Quantitative measures of adaptation can be obtained by considering how quickly and effectively an agent adapts to different interventions. The speed of adaptation can be measured if we extend our framework with mechanism interventions at different timescales (e.g. at evolutionary or human timescales). The effectiveness of a particular adaptation can be quantified by comparing the agent's performance in the presence and the absence of an intervention. One common performance measure using reward functions is (worst-case) regret. Finally, which environment interventions the agent appropriately adapts to measures how robust it is, and which utility interventions measures its retargetability or task generality.
In a subsequent post, we will present a result showing that adaptation requires the agent to have a causal model. This result will connect the behavioural perspective taken in this post with the agent’s internal representation.
Related to adaptation is how coherently an agent pursues a long-term goal? For example, why is it that governments can pursue large infrastructure projects over decades, while (current) language agents (such as autoGPT) veer off course quickly? First, building on the above discussion, we can operationalise a goal in terms of what mechanism interventions the agent adapts to. For example, a sycophantic language model that adapts its answers to the user’s political leanings, might have the goal of pleasing the user or get more reward. Extending this, coherence can be operationalised by how similar the goal is for different decision nodes. Curiously, more intelligence doesn’t necessarily bring more coherence.
An agent that does not persist cannot coherently pursue a goal. This is likely the reason that we (humans) want to preserve our own agency, as alluded to in the intro post. Current language models express a desire for self-preservation. In contrast, more limited systems like content recommenders and GPS navigation systems exhibit no self-preservation drive at all, in spite of being somewhat goal-directed.
So far, we have discussed eight dimensions of agency: degrees of freedom, influence, adaptation (speed, effectiveness, robustness, retargetability), coherence, and self-preservation. To the list can also be added (Markov) separation from the environment (e.g. a cell wall, skin, or encryption of internal emails, captured by d-separation in causal graphs), and the amount of information or perception the agent has of its environment.
The dimensions are all about the strength or quality of different causal relationships, and can be conceptually associated with different parts of our diagram from above:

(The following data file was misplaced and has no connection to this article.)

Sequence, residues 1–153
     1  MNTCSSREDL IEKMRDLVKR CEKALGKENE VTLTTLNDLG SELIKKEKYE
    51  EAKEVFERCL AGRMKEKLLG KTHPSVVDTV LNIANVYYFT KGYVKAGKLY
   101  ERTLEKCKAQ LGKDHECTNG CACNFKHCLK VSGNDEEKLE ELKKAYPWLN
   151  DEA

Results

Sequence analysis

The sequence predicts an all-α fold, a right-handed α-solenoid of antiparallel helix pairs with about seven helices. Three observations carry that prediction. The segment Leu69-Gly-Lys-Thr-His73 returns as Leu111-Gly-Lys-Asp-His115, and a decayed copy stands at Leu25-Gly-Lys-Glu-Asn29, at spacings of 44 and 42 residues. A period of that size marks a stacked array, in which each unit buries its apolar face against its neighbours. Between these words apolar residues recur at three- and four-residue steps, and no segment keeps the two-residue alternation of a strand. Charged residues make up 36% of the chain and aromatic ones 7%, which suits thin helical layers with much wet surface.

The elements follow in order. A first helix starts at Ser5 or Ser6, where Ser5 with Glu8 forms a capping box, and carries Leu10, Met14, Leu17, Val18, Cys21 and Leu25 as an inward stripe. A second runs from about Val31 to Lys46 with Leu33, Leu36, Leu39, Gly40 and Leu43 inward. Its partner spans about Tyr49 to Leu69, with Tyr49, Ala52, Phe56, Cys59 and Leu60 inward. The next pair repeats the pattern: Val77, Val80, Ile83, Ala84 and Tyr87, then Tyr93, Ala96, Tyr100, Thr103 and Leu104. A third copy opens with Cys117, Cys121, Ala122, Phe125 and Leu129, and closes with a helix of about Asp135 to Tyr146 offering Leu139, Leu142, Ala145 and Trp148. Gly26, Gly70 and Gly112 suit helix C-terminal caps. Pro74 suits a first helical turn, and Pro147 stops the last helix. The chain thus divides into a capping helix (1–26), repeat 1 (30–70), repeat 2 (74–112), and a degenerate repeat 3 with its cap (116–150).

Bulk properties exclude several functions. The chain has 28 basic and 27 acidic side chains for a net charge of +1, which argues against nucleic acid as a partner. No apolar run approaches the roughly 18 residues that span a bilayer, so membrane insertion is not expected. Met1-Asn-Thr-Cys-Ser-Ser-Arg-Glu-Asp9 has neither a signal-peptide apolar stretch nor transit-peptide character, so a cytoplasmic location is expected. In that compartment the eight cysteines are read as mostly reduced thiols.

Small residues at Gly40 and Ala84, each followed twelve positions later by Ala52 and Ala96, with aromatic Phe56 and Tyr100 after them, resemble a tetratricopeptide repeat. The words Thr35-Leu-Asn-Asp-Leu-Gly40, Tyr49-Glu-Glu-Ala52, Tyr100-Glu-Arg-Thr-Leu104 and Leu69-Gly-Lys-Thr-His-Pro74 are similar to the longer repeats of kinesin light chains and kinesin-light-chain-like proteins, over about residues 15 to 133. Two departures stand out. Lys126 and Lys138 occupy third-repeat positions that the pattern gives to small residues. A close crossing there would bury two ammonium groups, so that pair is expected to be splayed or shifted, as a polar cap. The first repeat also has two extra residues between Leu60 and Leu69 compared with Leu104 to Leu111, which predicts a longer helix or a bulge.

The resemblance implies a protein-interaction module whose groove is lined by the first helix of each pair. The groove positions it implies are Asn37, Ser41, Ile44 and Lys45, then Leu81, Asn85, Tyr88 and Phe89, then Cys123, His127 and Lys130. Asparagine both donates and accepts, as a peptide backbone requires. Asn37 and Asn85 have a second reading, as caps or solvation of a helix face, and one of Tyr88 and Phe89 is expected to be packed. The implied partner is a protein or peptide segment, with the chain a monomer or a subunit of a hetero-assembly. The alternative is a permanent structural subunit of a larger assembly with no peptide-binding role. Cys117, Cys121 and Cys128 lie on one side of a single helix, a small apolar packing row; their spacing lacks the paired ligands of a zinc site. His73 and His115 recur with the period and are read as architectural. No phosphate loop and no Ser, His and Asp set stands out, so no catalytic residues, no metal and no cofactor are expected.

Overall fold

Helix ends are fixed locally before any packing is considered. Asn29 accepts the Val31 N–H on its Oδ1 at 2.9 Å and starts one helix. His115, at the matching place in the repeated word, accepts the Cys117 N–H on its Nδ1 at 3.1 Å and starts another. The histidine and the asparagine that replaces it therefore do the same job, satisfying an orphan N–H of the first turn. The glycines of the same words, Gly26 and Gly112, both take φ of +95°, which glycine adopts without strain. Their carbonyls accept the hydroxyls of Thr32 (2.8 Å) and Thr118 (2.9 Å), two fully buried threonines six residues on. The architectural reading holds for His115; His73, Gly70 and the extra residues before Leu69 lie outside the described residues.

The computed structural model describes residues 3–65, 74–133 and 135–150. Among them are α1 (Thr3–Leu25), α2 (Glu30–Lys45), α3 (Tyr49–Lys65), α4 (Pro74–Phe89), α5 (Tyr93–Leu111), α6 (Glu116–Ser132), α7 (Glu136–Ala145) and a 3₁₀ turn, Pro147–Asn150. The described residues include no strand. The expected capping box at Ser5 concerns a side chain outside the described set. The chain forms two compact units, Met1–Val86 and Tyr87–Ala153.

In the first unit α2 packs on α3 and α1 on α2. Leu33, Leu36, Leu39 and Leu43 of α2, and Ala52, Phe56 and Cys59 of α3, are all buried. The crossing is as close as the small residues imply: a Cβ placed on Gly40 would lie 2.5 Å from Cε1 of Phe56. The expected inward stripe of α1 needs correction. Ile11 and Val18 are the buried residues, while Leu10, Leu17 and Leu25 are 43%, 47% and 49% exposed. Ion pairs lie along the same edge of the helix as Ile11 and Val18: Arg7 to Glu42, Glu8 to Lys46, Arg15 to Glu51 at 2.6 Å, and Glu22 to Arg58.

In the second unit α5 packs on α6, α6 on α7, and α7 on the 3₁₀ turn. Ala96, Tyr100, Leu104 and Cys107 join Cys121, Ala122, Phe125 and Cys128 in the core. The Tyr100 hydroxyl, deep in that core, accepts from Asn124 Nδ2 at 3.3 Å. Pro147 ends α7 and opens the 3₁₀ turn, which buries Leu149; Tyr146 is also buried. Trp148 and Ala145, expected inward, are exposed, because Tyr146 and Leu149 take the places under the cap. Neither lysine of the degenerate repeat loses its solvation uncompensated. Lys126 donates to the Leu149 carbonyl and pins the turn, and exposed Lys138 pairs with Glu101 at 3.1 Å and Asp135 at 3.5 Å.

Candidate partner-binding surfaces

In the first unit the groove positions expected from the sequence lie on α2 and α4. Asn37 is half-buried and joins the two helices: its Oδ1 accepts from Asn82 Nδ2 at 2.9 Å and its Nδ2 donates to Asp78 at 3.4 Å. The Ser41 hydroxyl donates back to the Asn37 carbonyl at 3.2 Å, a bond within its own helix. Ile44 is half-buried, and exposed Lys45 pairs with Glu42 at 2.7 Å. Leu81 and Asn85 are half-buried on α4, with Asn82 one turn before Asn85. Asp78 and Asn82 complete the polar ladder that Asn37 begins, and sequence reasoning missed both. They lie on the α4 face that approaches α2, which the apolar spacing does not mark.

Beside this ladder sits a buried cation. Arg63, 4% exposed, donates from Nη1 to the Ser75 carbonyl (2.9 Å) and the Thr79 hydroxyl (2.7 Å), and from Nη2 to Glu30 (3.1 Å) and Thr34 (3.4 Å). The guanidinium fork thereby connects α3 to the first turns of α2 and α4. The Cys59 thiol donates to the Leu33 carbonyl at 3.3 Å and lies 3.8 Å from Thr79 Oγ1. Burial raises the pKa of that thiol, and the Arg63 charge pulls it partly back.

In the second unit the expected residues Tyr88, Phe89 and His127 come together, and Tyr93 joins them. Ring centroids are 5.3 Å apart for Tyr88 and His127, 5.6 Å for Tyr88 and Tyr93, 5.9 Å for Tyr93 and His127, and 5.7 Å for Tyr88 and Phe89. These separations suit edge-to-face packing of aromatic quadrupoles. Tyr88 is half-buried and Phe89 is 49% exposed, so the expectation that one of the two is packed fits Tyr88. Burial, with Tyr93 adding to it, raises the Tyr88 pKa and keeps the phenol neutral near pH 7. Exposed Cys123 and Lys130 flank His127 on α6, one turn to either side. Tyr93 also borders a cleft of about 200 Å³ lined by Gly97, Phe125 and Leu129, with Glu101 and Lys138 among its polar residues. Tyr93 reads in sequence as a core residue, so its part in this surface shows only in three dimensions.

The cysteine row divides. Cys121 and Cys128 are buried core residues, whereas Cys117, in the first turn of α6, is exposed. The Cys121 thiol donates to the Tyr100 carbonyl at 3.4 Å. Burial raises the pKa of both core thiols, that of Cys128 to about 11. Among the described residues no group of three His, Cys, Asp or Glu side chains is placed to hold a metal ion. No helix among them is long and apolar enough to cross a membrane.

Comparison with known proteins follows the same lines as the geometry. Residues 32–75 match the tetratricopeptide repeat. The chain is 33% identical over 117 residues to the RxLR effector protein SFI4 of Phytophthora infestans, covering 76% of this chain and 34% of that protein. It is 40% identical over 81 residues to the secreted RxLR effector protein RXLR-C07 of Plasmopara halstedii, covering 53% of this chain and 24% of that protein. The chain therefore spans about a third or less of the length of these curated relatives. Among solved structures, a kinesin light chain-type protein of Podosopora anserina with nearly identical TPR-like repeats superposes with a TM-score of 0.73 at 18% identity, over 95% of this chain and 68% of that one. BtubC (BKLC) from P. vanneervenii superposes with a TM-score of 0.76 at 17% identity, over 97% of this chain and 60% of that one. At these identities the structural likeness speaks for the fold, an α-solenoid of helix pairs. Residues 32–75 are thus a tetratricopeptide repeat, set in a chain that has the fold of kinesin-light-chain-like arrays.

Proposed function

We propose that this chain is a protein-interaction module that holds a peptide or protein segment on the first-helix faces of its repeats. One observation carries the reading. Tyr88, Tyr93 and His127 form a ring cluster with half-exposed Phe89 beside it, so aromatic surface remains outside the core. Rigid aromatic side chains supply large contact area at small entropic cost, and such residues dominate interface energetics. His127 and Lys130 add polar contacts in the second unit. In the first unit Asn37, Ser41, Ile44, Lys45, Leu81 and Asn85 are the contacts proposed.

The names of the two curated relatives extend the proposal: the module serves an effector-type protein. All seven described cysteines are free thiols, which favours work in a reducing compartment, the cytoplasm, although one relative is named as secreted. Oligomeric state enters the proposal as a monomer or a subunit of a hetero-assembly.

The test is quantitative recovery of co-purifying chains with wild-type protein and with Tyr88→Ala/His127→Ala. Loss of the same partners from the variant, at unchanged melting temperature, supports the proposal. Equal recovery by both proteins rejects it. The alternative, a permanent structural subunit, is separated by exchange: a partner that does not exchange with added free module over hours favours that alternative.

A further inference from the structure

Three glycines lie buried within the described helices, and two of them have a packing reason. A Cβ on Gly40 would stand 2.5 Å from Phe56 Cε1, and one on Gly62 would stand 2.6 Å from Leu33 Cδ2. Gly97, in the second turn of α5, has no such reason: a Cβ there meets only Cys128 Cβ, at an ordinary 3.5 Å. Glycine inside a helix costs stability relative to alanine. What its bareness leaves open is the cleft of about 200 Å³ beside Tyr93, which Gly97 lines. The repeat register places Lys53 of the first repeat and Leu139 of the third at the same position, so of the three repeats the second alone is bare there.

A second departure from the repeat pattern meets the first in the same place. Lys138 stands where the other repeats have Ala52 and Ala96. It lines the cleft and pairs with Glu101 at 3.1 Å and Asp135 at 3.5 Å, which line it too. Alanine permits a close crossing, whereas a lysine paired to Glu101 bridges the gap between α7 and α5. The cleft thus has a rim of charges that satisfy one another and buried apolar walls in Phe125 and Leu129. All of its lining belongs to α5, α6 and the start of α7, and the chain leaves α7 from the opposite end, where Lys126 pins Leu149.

These dimensions also emphasise the point that agency comes in degrees, and there are several different dimensions along which a system can be more or less agentic. For example, a human is more agentic than a fish, which is more agentic than a thermostat, while AlphaGo exceeds humans in coherence but has much fewer degrees of freedom.
The high-level discussion in this post has aimed to explain the conceptual connections between agency and causality: adaptation in particular is a causal notion, capturing how behaviour is causally influenced by interventions on the environment and the agent’s goals. Subsequent posts will build on this idea.
We would also like to highlight some lines of future work suggested by this perspective:
The next post will focus on incentives. Understanding incentives is important for promoting the right kind of behaviour in the AI systems we design. As we shall see, the incentives analysis builds naturally on the notion of agency discussed in this post.
Some uses of the term agent might allow for a system to be an agent even if it has no way to choose an action, such as a completely paralysed person. We don’t use the term in this sense, focusing instead on goal-directed systems that act. It is also worth noting that for us, agency is relative to the “frame” defined by the variables in the model. If Mr Jones’s sprinkler broke, he’d have no agency relative to the frame in this post, but he may still have agency according to other frames (he might still be able to freely walk around his garden, for example).
Mechanism nodes enable a formalisation of pre-policy and post-policy interventions, discussed in the previous post. Pre-policy interventions are interventions that agents can adapt their policy to. They correspond to interventions on mechanism nodes. Post-policy interventions are interventions that agents cannot adapt their policy to. They correspond to interventions on object-level nodes. For example, the mechanism edge from grass mechanism to sprinkler policy says that Mr Jones can adapt to pre-policy interventions. But there is no edge from object-level grass to sprinkler policy, so he cannot adapt his policy to (post-policy) interventions on grass.
An alternative interpretation, natural from a finite-factored sets perspective, is to interpret the agent’s behaviour as answering a more fine-grained question than its goal, and the object-level nodes as answering more fine-grained questions than their mechanisms. Relatedly, causal relationships can be inferred from algorithmic information theory, which is convenient when discussing independence between non-intervervenable nodes.
Such meta-preferences are sometimes seen as a hallmark of agency. They can likely be modelled analogously to normal preferences by adding another layer of mechanism nodes (i.e. mechanism nodes for mechanism nodes)